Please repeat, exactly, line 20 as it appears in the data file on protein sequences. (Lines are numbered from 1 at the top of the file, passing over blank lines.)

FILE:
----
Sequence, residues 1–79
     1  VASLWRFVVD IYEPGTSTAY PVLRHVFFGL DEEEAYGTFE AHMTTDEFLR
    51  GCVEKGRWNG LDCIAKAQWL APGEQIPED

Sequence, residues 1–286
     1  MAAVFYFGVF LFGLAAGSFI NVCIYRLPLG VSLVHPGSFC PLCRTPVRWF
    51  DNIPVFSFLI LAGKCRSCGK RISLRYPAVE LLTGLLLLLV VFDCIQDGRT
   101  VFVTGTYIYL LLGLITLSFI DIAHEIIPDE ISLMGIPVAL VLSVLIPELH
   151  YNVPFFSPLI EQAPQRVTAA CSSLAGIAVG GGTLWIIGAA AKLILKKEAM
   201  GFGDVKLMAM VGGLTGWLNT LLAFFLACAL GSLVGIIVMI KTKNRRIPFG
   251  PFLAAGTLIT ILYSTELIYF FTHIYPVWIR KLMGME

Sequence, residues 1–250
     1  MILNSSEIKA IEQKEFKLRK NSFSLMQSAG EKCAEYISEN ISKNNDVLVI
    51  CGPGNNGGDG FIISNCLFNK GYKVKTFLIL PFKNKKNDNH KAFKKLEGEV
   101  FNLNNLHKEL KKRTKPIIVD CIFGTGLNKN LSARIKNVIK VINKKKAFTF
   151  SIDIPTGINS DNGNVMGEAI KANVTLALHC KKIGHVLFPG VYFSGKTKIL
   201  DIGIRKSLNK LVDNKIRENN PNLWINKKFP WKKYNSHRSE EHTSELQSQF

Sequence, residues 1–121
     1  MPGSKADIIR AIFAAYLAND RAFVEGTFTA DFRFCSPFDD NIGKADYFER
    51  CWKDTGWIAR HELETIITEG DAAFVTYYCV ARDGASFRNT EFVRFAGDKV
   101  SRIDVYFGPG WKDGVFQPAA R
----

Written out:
   101  SRIDVYFGPG WKDGVFQPAA R